As people start dying all over, the FBI secretly starts their investigation. Meanwhile, Light is not just satisfied with the purging. He also wants people to know he was doing it so that they would appreciate his work. While writing down the manner of death, he writes down the word “Kira” for his victims to write before they died. Soon, the fictitious Kira becomes a god in the eyes of people who were seeing the world being cleansed. This comes to the notice of an eccentric yet intuitive investigator named “L” (played by Lakeith Stanfield) who reads through the pattern. He realizes that every one of those “victims” had files which were public records, so Kira knew their names and faces. By broadcasting info about a criminal only in Seattle, he is also able to deduce that Kira, despite being a Japanese name, lived in Seattle. The case is eventually assigned to Light’s father by L to see if Kira goes ahead and harms him too. Meanwhile, Light has gotten close to a girl in school named Mia (played by Margaret Qualley) with whom he shares his secret. For a while they work together, searching for criminals on the internet police databases and executing them. As they get to know that the case had now been assigned to Light’s father, Mia in her coldness asks Light to write down his name too as this was way bigger than family. Light is distressed by her behavior and knows that she had somehow become attached to the notebook and wanted it for herself. He also gets to know from his father that “L” was getting close to uncovering him. However, “L” was way too smart for him and he had never shown his face in public television. No one knew his real name too, making it impossible for Light to kill him. He realizes that his window was closing fast and he had to do something as quickly as possible. Little does he realize that Mia was going to betray him by tearing away a page from the notebook.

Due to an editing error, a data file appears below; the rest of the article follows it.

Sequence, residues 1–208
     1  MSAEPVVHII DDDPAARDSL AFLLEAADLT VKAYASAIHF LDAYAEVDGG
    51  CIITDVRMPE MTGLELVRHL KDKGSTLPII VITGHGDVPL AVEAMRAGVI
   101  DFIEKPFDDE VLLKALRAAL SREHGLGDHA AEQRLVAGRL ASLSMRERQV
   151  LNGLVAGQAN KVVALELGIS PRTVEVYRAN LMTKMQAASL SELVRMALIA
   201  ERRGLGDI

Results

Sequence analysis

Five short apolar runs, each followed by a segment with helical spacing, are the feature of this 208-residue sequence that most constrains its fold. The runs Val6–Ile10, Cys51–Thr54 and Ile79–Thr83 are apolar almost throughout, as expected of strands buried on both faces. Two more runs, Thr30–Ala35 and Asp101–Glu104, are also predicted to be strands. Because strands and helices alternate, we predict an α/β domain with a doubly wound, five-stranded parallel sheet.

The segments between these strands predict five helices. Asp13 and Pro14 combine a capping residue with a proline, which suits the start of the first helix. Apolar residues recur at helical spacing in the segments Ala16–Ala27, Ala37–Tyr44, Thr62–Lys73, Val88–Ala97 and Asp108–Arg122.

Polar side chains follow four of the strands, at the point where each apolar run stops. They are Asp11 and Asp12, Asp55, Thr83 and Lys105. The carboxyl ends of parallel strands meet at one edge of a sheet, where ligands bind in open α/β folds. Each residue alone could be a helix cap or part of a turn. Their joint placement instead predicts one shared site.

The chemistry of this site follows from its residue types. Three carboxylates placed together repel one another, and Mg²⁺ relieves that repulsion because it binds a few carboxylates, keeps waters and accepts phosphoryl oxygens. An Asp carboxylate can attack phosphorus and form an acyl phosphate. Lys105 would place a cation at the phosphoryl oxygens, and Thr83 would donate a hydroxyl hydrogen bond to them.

You may realize that a lot is going on for a feature length film of roughly 90 minutes. The exposition that happens in the series over a few episodes has to be done in less than half an hour in order to allow the latter part to make sense and keep the audience invested without baffling them. Death Note overcomes these challenges by crisp writing and tight editing without a wasted minute and unnecessary rambling about for suspense. Things do happen fast but the pace is kept consistent so that expositions seem to happen naturally and the story of Light and the notebook unfold without feeling like a crash course to the anime/manga series. Even if you have never heard of it, you would be able to comfortably follow the story and get hooked into it.